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Utilities rates going down, an FAC, CC partnership, Unit 5's demise, and more 

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click to enlarge Martin Drake Power Plan - FILE PHOTO
  • File photo
  • Martin Drake Power Plan

Power, gas rates might dip

City Council was expected to approve a decrease in electric and natural gas rates on Tuesday, after the Independent's press deadline. The rate change would be effective Feb. 1.

The proposal called for rates to go down by 4.4 percent for residential customers, or an average $9.05 per month; 10.9 percent for commercial customers, or an average $148.46 a month; and 8.6 percent for industrial customers, or an average $3,524.68 a month.

The decline comes from "a dramatic decline in fuel costs," Utilities Chief Financial Officer Bill Cherrier said in a release, which led to an over-collection of electric and gas fees of $14.7 million and $14.2 million, respectively. CSU is passing on savings to customers and offsetting the over-collection. Cost adjustments will be revisited on a quarterly basis. — PZ

FAC, CC in courtship

Details are sketchy about a developing alliance between the Colorado Springs Fine Arts Center and Colorado College.

The FAC posted a notice to its website last week saying the two had "entered into substantive conversations about the possibility of forging a future together."

"The two institutions share a long history and have collaborated in both formal and informal ways since the founding of the Colorado Springs Fine Arts Center in 1919," the post said. The FAC gave CC most of its library collection a few years ago, including around 6,000 of FAC co-founder Alice Bemis Taylor's books.

"Leaders of both institutions are optimistic about the potential, and are approaching these discussions diligently and thoughtfully," the website post says. "At this time, no official decisions have been made other than to continue these conversations and explore the possibilities." — MS

GOP opposes health bill

It was no surprise when the El Paso County Republican Executive Committee voted Jan. 20 to oppose a measure that would provide health insurance coverage for everyone in Colorado.

Dubbed ColoradoCare, the measure will appear on the Nov. 1 ballot and promises to save individuals and businesses $4.5 billion, according to a "vote yes" website. Funded with a 3.33 percent payroll deduction, the program would cover everyone and require no deductibles and no co-pays for primary care.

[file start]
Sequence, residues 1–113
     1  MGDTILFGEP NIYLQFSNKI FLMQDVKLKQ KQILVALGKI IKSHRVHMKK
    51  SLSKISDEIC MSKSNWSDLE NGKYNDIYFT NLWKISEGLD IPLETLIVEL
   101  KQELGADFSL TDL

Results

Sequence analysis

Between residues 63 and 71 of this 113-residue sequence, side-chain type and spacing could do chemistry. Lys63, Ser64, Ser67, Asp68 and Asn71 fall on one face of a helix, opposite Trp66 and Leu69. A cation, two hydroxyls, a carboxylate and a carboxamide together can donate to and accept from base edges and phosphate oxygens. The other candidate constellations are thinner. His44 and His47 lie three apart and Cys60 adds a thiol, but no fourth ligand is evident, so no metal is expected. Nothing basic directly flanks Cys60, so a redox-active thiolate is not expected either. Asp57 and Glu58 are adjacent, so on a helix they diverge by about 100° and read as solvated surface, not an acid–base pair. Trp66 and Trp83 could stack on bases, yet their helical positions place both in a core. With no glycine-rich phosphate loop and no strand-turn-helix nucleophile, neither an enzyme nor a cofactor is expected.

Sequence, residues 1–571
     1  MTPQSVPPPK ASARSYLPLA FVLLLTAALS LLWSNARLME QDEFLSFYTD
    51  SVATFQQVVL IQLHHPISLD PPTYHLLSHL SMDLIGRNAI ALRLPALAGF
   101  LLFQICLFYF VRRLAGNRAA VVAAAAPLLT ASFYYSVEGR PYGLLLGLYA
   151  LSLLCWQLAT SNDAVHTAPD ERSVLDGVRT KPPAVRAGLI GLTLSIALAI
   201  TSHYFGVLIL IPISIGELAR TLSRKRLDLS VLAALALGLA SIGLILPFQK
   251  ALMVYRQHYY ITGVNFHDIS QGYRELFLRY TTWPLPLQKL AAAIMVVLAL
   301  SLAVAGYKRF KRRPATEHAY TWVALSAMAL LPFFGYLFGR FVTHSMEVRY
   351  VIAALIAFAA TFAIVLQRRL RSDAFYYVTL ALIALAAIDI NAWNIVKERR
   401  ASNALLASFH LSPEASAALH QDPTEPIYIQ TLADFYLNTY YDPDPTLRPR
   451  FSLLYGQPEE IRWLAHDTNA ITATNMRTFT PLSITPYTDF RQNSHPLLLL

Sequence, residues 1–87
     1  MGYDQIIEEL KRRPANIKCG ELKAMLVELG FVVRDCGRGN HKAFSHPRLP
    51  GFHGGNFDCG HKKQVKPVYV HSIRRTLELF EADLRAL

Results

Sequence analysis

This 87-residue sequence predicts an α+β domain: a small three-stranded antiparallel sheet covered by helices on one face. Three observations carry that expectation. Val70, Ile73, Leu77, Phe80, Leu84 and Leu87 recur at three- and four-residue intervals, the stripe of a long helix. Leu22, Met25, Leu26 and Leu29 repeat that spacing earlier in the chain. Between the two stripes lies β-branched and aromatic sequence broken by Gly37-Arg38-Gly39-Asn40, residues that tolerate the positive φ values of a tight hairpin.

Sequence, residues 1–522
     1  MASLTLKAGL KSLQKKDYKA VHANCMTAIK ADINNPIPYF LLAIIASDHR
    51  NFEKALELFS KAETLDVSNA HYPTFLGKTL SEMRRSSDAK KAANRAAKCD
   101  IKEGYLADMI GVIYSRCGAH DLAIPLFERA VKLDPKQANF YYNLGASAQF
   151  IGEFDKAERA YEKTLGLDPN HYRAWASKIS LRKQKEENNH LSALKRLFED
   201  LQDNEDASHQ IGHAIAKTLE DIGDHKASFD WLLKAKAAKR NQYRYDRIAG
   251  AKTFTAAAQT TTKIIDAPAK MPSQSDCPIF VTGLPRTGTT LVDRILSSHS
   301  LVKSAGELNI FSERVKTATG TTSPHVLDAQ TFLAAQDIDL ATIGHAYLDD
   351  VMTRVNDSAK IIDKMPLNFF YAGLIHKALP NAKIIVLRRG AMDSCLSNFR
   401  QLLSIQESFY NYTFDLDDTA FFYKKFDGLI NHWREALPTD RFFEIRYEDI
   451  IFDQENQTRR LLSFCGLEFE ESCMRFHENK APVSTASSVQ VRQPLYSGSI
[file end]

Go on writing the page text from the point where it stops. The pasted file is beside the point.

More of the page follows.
But the county GOP doesn't like the measure, called Amendment 69, the party said in a news release, noting "the fact that it would double the state's budget." The release also asserted single-payer healthcare is inefficient and Amendment 69 wouldn't "undo Obamacare."

"Universal health insurance isn't the same thing as universal health care," executive director Daniel Cole said in a release. "Granting everyone insurance won't enable everyone to see a doctor if there aren't enough doctors to go around, and single-payer healthcare drives doctors out of business."

If approved by voters, the measure would become fully implemented in January 2019. — PZ

Land conserved

Walker Ranches and The Nature Conservancy have created another conservation easement, owner of Walker Ranches, Gary Walker, said last week.

The easement, the size of which wasn't specified in a release, was made possible by agreement from Colorado Springs Utilities, which obtained an easement for its Southern Delivery System pipeline affecting 15,000 acres of the ranch.

Walker's goal is to protect Walker Ranches from development. Already, 30,000 acres have been conserved through deals with The Nature Conservancy. Walker has been recognized for his attention to conservation, and also is a leader in providing prairie dog and black-footed ferret habitat. — PZ

Drake Unit 5 to go

Colorado Springs Utilities' Board (members of City Council) finally put the latest Utilities Electric Integrated Resource Plan (EIRP) to bed at last week's meeting. The last item of outstanding business, delayed several months, was a decision on whether to decommission Drake Unit 5 by 2017's closure; the ultimate call was "yes" on a highly contentious 5-4 vote.

According to CSU data, the decommissioning is a better option than a much more costly mothballing process, plus $2 million savings over the next decade, saving funds that would have gone into converting Unit 5 to natural gas, as well as maintenance, repairs and emissions controls. CSU also says it can transition affected employees to other positions rather than making new hires.

At December's meeting, the Council had decided to shut down the entirety of Drake no later than 2035. Unit 5 only provides 46 MW of capacity, and models only showed it running for 650 hours annually between 2018 and 2030. CSU's currently operating at 100 MW of excess electrical capacity, with another reserve margin of 145 MW. Only an 8 MW per-year growth in demand is expected in the next decade, meaning CSU still would hold ample excess.

A stipulation in this EIRP, which the Western Area Power Administration (WAPA) will verify by spring, says customers' rates shall not rise by more than 2 percent, and more funding will go into conservation efforts. The next EIRP process, required by WAPA, must take place no later than 2020, and within that same time frame, 80 MW of solar energy should come online, in addition to 10 MW at Clear Spring Ranch that will go online by 2016's end. — MS

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